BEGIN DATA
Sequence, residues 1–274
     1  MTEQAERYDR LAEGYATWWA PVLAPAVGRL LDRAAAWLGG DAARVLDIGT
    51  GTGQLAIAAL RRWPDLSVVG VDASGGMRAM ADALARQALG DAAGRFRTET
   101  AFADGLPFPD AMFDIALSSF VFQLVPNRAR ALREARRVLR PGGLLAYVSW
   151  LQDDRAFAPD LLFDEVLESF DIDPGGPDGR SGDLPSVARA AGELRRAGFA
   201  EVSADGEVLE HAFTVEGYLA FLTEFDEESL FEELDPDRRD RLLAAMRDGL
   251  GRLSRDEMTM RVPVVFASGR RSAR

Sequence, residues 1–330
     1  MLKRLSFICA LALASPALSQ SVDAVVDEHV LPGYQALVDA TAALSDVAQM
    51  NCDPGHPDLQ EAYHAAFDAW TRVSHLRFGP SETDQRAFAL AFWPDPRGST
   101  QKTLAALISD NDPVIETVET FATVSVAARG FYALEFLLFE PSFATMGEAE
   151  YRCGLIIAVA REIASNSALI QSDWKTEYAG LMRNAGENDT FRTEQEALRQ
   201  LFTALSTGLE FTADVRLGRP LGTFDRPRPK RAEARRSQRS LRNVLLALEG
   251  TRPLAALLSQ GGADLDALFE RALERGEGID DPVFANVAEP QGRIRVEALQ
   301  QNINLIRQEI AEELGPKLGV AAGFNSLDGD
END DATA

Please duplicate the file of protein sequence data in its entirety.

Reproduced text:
Sequence, residues 1–274
     1  MTEQAERYDR LAEGYATWWA PVLAPAVGRL LDRAAAWLGG DAARVLDIGT
    51  GTGQLAIAAL RRWPDLSVVG VDASGGMRAM ADALARQALG DAAGRFRTET
   101  AFADGLPFPD AMFDIALSSF VFQLVPNRAR ALREARRVLR PGGLLAYVSW
   151  LQDDRAFAPD LLFDEVLESF DIDPGGPDGR SGDLPSVARA AGELRRAGFA
   201  EVSADGEVLE HAFTVEGYLA FLTEFDEESL FEELDPDRRD RLLAAMRDGL
   251  GRLSRDEMTM RVPVVFASGR RSAR

Sequence, residues 1–330
     1  MLKRLSFICA LALASPALSQ SVDAVVDEHV LPGYQALVDA TAALSDVAQM
    51  NCDPGHPDLQ EAYHAAFDAW TRVSHLRFGP SETDQRAFAL AFWPDPRGST
   101  QKTLAALISD NDPVIETVET FATVSVAARG FYALEFLLFE PSFATMGEAE
   151  YRCGLIIAVA REIASNSALI QSDWKTEYAG LMRNAGENDT FRTEQEALRQ
   201  LFTALSTGLE FTADVRLGRP LGTFDRPRPK RAEARRSQRS LRNVLLALEG
   251  TRPLAALLSQ GGADLDALFE RALERGEGID DPVFANVAEP QGRIRVEALQ
   301  QNINLIRQEI AEELGPKLGV AAGFNSLDGD